"The important thing here is to have a 'can do' culture. If the staff don't know something, they will find out. We find answers for people. We don't say no or any other negative word when we are dealing with people."

Yang Shuo, who studied art design at Shenyang Urban Construction University and whose company makes pens for which it subcontracts the manufacturing, says he was impressed with the ease of registration.

"My business is now registered within the zone, although not physically located there. It enables me to take advantage of some of the favorable policies, which include tax advantages and less regulation."

China has seen such zones as central to its economic development since Deng Xiaoping's reform and opening-up in the late 1970s.

The special economic zones along its southern and eastern seaboard - most notably that in Shenzhen, which started out as a fishing village - effectively kick-started China's march toward becoming the manufacturing workshop of the world.

The new generation of development zones - starting with the much-heralded Shanghai one in 2013 - are intended to propel China to its next phase of development.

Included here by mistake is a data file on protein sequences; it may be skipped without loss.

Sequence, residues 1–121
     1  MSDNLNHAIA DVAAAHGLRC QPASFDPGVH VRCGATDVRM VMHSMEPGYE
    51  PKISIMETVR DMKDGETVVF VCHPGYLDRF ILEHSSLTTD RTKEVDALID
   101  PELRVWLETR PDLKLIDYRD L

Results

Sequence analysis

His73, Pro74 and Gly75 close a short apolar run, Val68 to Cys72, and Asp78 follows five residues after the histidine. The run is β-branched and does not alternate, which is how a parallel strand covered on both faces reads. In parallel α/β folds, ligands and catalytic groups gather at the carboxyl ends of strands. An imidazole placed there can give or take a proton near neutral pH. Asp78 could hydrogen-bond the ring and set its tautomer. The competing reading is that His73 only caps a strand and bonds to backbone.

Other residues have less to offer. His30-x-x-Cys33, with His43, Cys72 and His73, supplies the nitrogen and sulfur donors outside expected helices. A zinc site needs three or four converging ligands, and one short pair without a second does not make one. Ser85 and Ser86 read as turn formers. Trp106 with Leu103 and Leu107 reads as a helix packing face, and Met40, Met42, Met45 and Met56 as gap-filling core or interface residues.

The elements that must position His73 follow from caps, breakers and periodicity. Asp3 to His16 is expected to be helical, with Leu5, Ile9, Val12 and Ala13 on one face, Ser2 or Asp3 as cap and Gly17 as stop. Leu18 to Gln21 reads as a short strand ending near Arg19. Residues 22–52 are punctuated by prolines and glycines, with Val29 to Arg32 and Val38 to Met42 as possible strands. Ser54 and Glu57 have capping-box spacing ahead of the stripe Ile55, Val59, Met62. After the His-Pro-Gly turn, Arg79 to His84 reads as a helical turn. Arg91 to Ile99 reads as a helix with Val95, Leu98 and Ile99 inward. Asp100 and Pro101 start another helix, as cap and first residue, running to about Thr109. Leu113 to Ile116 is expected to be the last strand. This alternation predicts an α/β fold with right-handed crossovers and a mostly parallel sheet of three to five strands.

Shanghai itself has come into some criticism for not being quite the laboratory for financial reform it was originally intended to be.

Businesses within the zone, however, have more freedom to make foreign currency exchange transactions and capital account settlements than in the rest of China.

The zone has also been operating at a time when there was pressure on the Chinese currency after a reform of the exchange rate mechanism in August 2015, which has since seen an imposition of stricter capital controls across the whole country.